This post has been updated.
A week after the national school walkout, some Wisconsin students went the extra mile, or this case - 50 miles, to protest gun violence. The students wrapped up a four-day, 50-mile march from Madison to Janesville Wednesday, following last weekend's nationwide March For Our Lives rallies. And the organizers say their work isn't done, even if the march is.
Katie Eder says gun violence isn't a political issue; but rather, students are literally fighting for their lives.
Eder is a senior at Shorewood High School. She says the Parkland, Florida school shooting last month felt like it hit close to home. The shooting left 17 people dead, and Eder says those victims could've just as easily been 17 kids at her own school.
She says she knew right away that she wanted to get involved in the push for gun control, after seeing the resilience of the Parkland survivors.
Shorewood was one of a number of Wisconsin schools that participated in the national walkout last week. And when the school's superintendent toyed with the idea of taking a bigger protest to House Speaker Paul Ryan's hometown, Eder says students jumped at the opportunity.
"For anyone to say we don't know enough or we aren't ready to step up and take action, I think they obviously haven't spoken to teenagers anytime recently because you know, we know what we're talking about. We know what we're talking about because we care. We're passionate," Eder says.
The journey took them Wednesday to Janesville's Traxler Park. The approach to the park took them on a bridge over the Rock River, echoing the march that inspired them - the Selma-to-Montgomery march of 1965. "The Selma bridge photo, with all those marchers coming across," Eder explains, "was something that really inspired us. We wanted to capture that moment."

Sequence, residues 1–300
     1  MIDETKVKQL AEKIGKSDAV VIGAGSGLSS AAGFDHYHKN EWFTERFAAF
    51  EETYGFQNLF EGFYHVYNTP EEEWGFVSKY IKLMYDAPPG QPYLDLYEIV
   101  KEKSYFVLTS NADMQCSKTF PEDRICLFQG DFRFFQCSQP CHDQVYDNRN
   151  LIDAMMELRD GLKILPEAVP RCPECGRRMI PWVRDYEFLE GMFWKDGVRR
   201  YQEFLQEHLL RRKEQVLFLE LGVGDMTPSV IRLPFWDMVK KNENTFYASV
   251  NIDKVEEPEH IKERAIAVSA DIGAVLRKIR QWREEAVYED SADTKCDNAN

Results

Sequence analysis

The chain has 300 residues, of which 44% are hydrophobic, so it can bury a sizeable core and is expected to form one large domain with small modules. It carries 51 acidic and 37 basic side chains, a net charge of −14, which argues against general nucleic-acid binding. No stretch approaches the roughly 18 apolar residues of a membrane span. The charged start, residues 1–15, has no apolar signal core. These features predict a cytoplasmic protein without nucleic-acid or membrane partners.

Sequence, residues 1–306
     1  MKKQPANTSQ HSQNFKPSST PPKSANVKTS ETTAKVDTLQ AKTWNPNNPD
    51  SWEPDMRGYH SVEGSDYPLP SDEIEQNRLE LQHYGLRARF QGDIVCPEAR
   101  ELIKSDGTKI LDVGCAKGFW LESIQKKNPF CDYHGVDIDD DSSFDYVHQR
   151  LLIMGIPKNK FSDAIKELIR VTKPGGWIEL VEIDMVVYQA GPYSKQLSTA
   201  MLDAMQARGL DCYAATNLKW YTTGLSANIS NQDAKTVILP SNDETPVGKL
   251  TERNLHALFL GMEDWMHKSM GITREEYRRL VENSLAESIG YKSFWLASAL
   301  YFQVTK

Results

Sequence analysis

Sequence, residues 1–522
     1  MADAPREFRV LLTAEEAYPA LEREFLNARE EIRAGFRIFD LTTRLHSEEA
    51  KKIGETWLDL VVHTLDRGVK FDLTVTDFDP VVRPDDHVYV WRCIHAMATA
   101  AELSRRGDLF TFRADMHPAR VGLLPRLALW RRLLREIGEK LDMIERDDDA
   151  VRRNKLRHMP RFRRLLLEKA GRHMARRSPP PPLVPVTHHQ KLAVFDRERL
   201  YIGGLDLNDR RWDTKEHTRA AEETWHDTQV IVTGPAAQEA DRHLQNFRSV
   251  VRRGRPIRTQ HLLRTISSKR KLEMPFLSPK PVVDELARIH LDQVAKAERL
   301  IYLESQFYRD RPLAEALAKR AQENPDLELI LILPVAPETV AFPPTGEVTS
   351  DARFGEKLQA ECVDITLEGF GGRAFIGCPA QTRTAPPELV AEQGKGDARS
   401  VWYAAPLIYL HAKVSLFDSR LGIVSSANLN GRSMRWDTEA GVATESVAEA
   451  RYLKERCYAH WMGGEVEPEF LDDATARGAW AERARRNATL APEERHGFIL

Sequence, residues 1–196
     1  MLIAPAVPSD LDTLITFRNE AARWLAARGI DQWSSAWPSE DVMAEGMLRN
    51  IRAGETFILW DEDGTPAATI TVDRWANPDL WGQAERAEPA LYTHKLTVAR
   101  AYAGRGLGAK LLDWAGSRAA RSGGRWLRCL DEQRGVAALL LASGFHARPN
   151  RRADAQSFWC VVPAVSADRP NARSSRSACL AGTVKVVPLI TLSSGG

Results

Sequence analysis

High schools along the way allowed marchers to sleep in their gyms, and community organizations provided the food, while the marchers averaged around 13 miles a day.
Eder says shootings in the country seem to have become the norm and that's part of the problem. She says the March For Our Lives movement is still moving forward because people are fed up.
"It's been 19 years since Columbine and still no action has been taken to prevent gun violence in this country and that's something we know. We see that shootings in schools and in communities and on street corners in neighborhoods have become so normalized. We don't about it anymore, and we want it to be and we're saying that we're going to continue to push this message until that is no longer something that's normal because it shouldn't be," she says.
Eder says the administration at Shorewood High School does a good job making students feel safe, however she adds that the thought of what to do if a gunman walked into the school is a question students ask themselves every day.
"Where would I go? Who would I text? Where are my friends right now? That's something that goes through my mind I would say a couple times a day," she explains. "That right there is why gun violence and guns are the reason we feel unsafe."
Eder says students who marched the 50 miles from Madison to Janesville are pushing for three specific things: a ban on all military style weapons in civilian society, a ban on accessories that turn semi-automatic weapons into automatic weapons, and increased regulation on gun purchasing.
She says one thing about kids is that they're stubborn, and they're not going away: "The point of our 50 Miles More march is to show that, you know even after March For Our Lives events end, youth aren't going anywhere. We're going to continue to march, and we're going to continue to walkout, and we're going to continue to raise our voices until change is made."
To that end, Eder says the group has launched a new camapign - #50more in #50states, challenging people in the other 49 states to walk 50 miles to the office or hometown of one of their elected representatives before the November general election. Eder says she hopes to be a part of some of those marches, as well. "Marching in Hawaii would be a lot more fun that marching in freezing cold Wisconsin," she laughs.